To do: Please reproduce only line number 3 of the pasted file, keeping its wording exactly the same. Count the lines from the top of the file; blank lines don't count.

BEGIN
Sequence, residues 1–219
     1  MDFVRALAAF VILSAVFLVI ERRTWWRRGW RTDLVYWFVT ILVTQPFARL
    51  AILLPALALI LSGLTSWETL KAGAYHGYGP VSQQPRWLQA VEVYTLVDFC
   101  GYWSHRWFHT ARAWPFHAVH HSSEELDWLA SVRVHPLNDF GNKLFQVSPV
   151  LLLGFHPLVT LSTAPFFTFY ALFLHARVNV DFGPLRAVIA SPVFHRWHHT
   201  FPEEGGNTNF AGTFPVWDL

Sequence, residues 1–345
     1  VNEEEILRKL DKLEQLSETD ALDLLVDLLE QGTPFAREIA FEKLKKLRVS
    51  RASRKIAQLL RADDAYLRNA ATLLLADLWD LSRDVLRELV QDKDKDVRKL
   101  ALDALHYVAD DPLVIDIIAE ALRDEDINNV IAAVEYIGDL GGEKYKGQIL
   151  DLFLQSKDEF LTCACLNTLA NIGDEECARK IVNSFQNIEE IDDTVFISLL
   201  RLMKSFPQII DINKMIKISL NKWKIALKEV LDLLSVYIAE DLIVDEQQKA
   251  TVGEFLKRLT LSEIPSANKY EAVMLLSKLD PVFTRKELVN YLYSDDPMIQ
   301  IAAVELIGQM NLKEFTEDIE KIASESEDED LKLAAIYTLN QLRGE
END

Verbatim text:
    51  AILLPALALI LSGLTSWETL KAGAYHGYGP VSQQPRWLQA VEVYTLVDFC